In Memory Of Professor James E. Bond, Janet Ainsworth Jan 2020

In Memory Of Professor James E. Bond, Janet Ainsworth

Seattle University Law Review

Janet Ainsworth, Professor of Law at Seattle University School of Law: In Memory of Professor James E. Bond.


Table Of Contents, Seattle University Law Review Sep 2019

Table Of Contents, Seattle University Law Review

Seattle University Law Review

No abstract provided.


Historic Partition Law Reform: A Game Changer For Heirs’ Property Owners, Thomas W. Mitchell Sep 2019

Historic Partition Law Reform: A Game Changer For Heirs’ Property Owners, Thomas W. Mitchell

Thomas W. Mitchell

Over the course of several decades, many disadvantaged families who owned property under the tenancy-in-common form of ownership—property these families often referred to as heirs’ property—have had their property forcibly sold as a result of court-ordered partition sales. For several decades, repeated efforts to reform State partition laws produced little to no reform despite clear evidence that these laws unjustly harmed many families. This paper addresses the remarkable success of a model State statute named the Uniform Partition of Heirs Property Act (UPHPA), which has been enacted into law in several States since 2011, including in five southern ...


How Two Sunken Ships Caused A War: The Legal And Cultural Battle Between Great Britain, Canada, And The Inuit Over The Franklin Expedition Shipwrecks, Christina Labarge Feb 2019

How Two Sunken Ships Caused A War: The Legal And Cultural Battle Between Great Britain, Canada, And The Inuit Over The Franklin Expedition Shipwrecks, Christina Labarge

Loyola of Los Angeles International and Comparative Law Review

No abstract provided.


Table Of Contents, Seattle University Law Review Feb 2019

Table Of Contents, Seattle University Law Review

Seattle University Law Review

No abstract provided.


Understanding The Complicated Landscape Of Civil War Monuments, Jessica Owley, Jess Phelps Jan 2019

Understanding The Complicated Landscape Of Civil War Monuments, Jessica Owley, Jess Phelps

Articles

This essay examines the controversy regarding confederate monuments and attempts to contextualize this debate within the current preservation framework. While much attention has been paid to this topic over the past year, particularly with regard to "public" monuments, such discussion has generally failed to recognize the varied and complicated property law layers involved which can fundamentally change the legal requirements for modification or removal. We propose a spectrum or framework for assessing these resources ranging from public to private, and we explore the messy space in-between these poles where most monuments actually fall. By highlighting these categories, we provide an ...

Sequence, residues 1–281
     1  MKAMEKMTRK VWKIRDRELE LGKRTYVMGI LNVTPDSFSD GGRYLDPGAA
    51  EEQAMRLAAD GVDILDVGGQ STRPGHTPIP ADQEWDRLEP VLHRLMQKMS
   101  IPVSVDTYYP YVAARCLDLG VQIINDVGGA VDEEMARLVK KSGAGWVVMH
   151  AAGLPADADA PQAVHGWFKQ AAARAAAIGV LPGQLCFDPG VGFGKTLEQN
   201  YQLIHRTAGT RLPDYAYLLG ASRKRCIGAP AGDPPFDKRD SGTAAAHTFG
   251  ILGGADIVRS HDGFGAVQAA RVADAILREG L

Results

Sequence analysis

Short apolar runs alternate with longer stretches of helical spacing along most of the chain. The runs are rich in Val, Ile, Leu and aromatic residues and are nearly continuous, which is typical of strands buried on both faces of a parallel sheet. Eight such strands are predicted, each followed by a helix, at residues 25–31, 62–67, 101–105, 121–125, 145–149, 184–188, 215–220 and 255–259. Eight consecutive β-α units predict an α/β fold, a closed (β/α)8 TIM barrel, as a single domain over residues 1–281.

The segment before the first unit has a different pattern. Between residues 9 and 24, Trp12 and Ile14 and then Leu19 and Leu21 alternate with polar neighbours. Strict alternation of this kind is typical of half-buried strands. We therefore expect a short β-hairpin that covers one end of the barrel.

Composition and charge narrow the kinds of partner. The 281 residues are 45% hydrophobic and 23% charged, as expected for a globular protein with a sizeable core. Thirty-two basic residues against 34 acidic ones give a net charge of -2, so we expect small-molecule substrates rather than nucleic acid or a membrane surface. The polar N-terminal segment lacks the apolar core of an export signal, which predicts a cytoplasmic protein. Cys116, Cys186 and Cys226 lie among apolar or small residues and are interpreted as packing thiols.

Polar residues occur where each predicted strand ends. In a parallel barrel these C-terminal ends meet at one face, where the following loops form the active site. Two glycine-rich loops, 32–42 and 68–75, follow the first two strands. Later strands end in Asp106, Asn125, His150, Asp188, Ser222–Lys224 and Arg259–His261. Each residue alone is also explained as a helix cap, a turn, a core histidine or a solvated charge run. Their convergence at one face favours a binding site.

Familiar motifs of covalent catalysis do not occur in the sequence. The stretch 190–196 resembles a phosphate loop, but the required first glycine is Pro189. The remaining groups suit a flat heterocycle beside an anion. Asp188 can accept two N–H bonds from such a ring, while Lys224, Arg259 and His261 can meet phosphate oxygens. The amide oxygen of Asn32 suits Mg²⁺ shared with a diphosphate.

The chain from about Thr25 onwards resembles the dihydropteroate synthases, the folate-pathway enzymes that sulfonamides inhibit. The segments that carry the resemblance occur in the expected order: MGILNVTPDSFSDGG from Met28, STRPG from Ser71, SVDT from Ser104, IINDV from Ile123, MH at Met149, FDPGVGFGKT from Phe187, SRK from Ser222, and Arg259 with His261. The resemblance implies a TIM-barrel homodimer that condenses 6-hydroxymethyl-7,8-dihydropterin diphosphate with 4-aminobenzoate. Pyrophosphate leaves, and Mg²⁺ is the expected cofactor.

The Indigenous Mcclain Doctrine: A New Legal Tool To Protect Cultural Patrimony And The Right To Self-Determination, Matthew H. Birkhold Jan 2019

The Indigenous Mcclain Doctrine: A New Legal Tool To Protect Cultural Patrimony And The Right To Self-Determination, Matthew H. Birkhold

Washington University Law Review

In December 2010, the United States endorsed the United Nations Declaration on the Rights of Indigenous Peoples (UNDRIP), which obligates the United States to respect indigenous self-determination and protect Native American cultural objects. Yet, nearly a decade later, the United States has made little progress to meet these commitments, resulting in growing frustration in the indigenous and international human rights communities. At its 2017 meeting on the implementation of UNDRIP, the U.N. expert group condemned the United States for its inaction. But the failure to act is not the result of indifference. Current U.S. law makes it impossible ...


A Wall Of Hate: Eminent Domain And Interest-Convergence, Philip Lee Jan 2019

A Wall Of Hate: Eminent Domain And Interest-Convergence, Philip Lee

Brooklyn Law Review

Through the power of eminent domain, President Donald Trump is seeking to take properties owned by private landowners and Native American tribes, including people’s homes and businesses, to build a continuous physical wall along the two thousand-mile border between the United States and Mexico. He has even partially shut down the government for the longest period in history in order to pressure Congress to fund his wall. Substantial evidence suggests that this massive government condemnation scheme will not effectuate Trump’s primary purpose: to stop illegal immigration. If Trump succeeds, then potentially thousands of people from all racial backgrounds ...


Historic Partition Law Reform: A Game Changer For Heirs’ Property Owners, Thomas W. Mitchell Jan 2019

Historic Partition Law Reform: A Game Changer For Heirs’ Property Owners, Thomas W. Mitchell

Faculty Scholarship